Plant Science to the Rescue

Volume 32 Issue 2 | February 2018

Featured Articles

image: How Manipulating the Plant Microbiome Could Improve Agriculture

How Manipulating the Plant Microbiome Could Improve Agriculture

By Davide Bulgarelli | February 1, 2018

It has become increasingly evident that, like animals, plants are not autonomous organisms but rather are populated by a cornucopia of diverse microorganisms.

image: Next-Generation Exoskeletons Help Patients Move

Next-Generation Exoskeletons Help Patients Move

By Karen Weintraub | February 1, 2018

A robot’s gentle nudge could add just the right amount of force to improve walking for patients with mobility-impairing ailments such as Parkinson’s disease, multiple sclerosis, and stroke.  

image: Researchers Learn from Plant Viruses to Protect Crops

Researchers Learn from Plant Viruses to Protect Crops

By Claire Asher | February 1, 2018

Plants are locked in an ancient arms race with hostile viruses, but genome editing is giving crops the upper hand.

Departments

Contributors

Contributors

Meet some of the people featured in the February 2018 issue of The Scientist.

Editorial

An Enduring Partnership

Humanity would be nothing without plants. It’s high time we recognize their crucial role in sustaining life on Earth.

Speaking of Science

Ten-Minute Sabbatical

Take a break from the bench to puzzle and peruse.

Freeze Frame

Caught on Camera

Selected images of the Day from the-scientist.com

Notebook

Researchers Cryopreserve Coral Sperm

A project aims to preserve samples of the climate change–vulnerable animals for future restoration.

Researchers Catalog Earth’s Microbiome

The new database includes data from 27,000 samples collected at sites ranging from Alaskan permafrost to the ocean floor.

Scientists Unite to Save “Monkey Island” After Hurricane Maria

Puerto Rico’s Cayo Santiago has hosted decades of research in cognition, primatology, immunization, and other areas.

Notebook

Graduate Student Identifies Dozens of New Fly Species

Over the past seven years, Xiao-Long Lin has characterized nearly 70 new species of nonbiting midges and developed DNA barcodes to aid in future ecological surveys.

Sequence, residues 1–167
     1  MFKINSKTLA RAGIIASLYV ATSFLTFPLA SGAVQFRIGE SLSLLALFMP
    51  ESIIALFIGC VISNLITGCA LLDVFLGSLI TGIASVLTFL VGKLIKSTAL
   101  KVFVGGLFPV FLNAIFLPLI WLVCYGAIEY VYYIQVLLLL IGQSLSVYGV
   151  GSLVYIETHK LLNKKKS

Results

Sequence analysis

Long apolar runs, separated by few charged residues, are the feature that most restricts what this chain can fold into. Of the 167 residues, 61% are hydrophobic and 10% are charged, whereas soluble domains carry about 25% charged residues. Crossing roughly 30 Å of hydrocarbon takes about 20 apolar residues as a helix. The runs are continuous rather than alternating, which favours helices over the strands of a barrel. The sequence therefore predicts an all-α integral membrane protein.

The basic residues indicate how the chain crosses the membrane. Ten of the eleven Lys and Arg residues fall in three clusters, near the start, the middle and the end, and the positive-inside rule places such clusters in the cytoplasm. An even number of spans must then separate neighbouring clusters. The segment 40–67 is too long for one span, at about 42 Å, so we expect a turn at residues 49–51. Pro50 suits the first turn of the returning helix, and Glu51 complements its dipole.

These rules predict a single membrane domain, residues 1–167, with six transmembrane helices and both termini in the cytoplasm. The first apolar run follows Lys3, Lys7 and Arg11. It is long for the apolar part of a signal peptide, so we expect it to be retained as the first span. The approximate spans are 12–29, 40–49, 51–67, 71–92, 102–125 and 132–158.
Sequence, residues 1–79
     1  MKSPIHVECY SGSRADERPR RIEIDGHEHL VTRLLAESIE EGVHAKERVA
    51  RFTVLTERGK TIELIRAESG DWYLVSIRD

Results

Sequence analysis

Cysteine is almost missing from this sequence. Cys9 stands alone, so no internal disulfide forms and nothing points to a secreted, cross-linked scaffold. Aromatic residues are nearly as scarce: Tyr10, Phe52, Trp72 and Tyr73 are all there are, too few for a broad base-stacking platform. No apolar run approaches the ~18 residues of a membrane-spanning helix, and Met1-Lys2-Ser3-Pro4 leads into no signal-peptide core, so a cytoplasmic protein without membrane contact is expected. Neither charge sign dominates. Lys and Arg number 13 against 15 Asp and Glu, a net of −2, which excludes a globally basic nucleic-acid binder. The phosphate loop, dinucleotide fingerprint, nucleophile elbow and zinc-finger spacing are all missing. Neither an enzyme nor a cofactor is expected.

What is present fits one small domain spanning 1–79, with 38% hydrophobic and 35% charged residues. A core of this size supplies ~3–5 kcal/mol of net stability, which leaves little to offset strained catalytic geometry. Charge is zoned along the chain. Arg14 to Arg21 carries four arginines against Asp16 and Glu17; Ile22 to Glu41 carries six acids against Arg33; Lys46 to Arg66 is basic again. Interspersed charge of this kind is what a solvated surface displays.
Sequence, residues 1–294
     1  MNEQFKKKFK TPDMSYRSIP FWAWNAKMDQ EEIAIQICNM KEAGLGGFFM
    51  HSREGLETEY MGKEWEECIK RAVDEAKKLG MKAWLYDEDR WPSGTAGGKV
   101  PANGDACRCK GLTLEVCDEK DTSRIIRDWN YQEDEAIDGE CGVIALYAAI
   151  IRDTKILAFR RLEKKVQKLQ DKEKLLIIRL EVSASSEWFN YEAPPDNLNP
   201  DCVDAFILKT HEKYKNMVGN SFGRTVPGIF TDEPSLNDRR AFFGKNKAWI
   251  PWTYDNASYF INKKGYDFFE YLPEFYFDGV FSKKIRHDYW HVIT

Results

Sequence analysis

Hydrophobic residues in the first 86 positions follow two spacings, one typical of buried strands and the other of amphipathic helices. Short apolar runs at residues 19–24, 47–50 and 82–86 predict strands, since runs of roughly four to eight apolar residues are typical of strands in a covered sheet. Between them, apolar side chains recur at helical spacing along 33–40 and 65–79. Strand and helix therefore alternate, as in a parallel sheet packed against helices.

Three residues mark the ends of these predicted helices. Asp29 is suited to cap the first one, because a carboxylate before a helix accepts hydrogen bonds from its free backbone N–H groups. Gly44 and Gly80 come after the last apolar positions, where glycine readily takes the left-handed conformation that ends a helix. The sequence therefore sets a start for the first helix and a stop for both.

Modus Operandi

Detecting Protein Clumps

A synthetic genetic tool called yTRAP allows high-throughput detection of protein aggregates in cells.  

The Literature

Plant Cell Walls Can Control Growth in the Dark

To maintain an energy-saving growth strategy in the absence of light, seedlings need signals generated by pectin in their cell walls.

War Dance of the Honeybee

One species has developed a novel waggle to warn about invading wasps.

A Newly Identified Photoenzyme Helps Algae Pump Out Fuel

The finding could lead to a new way of producing “green” alternatives to fossil fuels.

Profile

Planting Independence: A Profile of Katayoon Dehesh

After a harrowing escape from Iran, Dehesh never shied away from difficult choices to pursue a career in plant biology.

Scientist to Watch

Anjali Iyer-Pascuzzi Investigates How Pathogens Invade Plant Roots

The Purdue University researcher is one of the first to examine the molecular processes that underlie infection by soil microbes.

Lab Tools

Virtual Reality May Revolutionize Brain Science

New technology could open doors for researchers studying animals’ most complex organ.

Mapping Brain Proteins

Researchers are using souped-up mass spectrometry to localize proteins within brain cells.

Careers

How to Make Scientists Into Better Peer Reviewers

From efforts to increase the transparency of the review process to initiatives offering training, there are many attempts underway to make better reviewers out of researchers.

Reading Frames

Agricultural Technology Can Save Humanity from Starvation (Again)

We are on the cusp of yet another revolution in how we feed the populace.

Foundations

A Brush with Inheritance, 1878

Lampbrush chromosomes, first observed in the 19th century, still offer an unparalleled glimpse into how genetic information is organized in the cell.

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